All these posts throughout my little “Barnstorming” series had me curious where I’d been (and how much I’d written): twenty-seven cities, thirty-plus archives, and almost 22,000 miles on my Ford Focus later.
Travel to Des Moines, meet a politician you’re writing a dissertation about, visit the mecca of modern Midwestern marketing. It was a good two weeks.
I was supposed to take a trip to Bismarck this summer after my journey through Grand Forks into Canada, but travel and driving fatigue led me to skip it in favor of a week in River Falls. My punishment was leaving for Bismarck at 3:15am on January 2.
While my last trip to the Iron Range was doubly-immersive, acclimatizing to both the politics and the culture of Minnesota’s Northeast, this one took on more of a “business trip” feel. This was both good, because I explored the deteriorating relationship between Perpich and the DFL, and frustrating, because it provided fewer outlets when things really got confusing.
What do you do when you need some time off the road but still getting work done? Find an archive under 40 minutes away that has relevant papers!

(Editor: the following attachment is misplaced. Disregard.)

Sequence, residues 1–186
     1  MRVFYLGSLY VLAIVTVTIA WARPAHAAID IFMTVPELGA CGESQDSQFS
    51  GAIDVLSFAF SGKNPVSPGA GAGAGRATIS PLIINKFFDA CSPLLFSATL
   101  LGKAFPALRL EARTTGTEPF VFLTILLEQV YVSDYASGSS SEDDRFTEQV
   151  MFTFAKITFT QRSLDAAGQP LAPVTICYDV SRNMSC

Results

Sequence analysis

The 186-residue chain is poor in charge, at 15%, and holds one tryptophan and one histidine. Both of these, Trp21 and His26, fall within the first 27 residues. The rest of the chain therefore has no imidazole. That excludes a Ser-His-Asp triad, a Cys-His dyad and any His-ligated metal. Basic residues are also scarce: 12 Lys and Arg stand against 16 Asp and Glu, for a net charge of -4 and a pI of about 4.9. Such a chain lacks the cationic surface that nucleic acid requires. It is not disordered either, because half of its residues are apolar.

In a few ways, North Dakota confirmed a lot of the cultural characteristics of the Midwest I’d long come to expect. In a few other ways, it was an entirely new world for me.
This was an unhealthy trip. And not because of the local beer, porketta, potica, and pasties.
When historians talk iron ore and the Midwest, we’re all familiar with the docks of Duluth and the radicalism of the Iron Range. But less often, we talk about the forgotten “twin” of the Twin Ports, Superior, Wisconsin.
Since I’m on this barnstorming tour for the remainder of 2017, I don’t need to live in Milwaukee until the spring, meaning I’m moving out of my apartment. That meant the unenviable task of cleaning it out but also provided the opportunity to use the Marquette University Archives, which play host to dozens and dozens of feet of relevant material from some of Wisconsin’s prominent politicians of the 1980s. There are 2200 words ahead, click on if you dare.
It’s practically guaranteed to be a good trip to the archives when the archivist greets you with “Oh, I actually knew Al! I sat with him just a couple of months before he passed.”